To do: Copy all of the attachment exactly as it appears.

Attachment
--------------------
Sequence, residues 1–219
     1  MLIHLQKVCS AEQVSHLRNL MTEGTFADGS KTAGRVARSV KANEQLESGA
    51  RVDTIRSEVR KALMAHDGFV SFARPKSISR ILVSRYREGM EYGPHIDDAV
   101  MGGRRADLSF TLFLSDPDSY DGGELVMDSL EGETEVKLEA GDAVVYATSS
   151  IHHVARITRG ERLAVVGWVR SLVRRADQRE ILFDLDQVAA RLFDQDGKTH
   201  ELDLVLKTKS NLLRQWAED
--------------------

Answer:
Sequence, residues 1–219
     1  MLIHLQKVCS AEQVSHLRNL MTEGTFADGS KTAGRVARSV KANEQLESGA
    51  RVDTIRSEVR KALMAHDGFV SFARPKSISR ILVSRYREGM EYGPHIDDAV
   101  MGGRRADLSF TLFLSDPDSY DGGELVMDSL EGETEVKLEA GDAVVYATSS
   151  IHHVARITRG ERLAVVGWVR SLVRRADQRE ILFDLDQVAA RLFDQDGKTH
   201  ELDLVLKTKS NLLRQWAED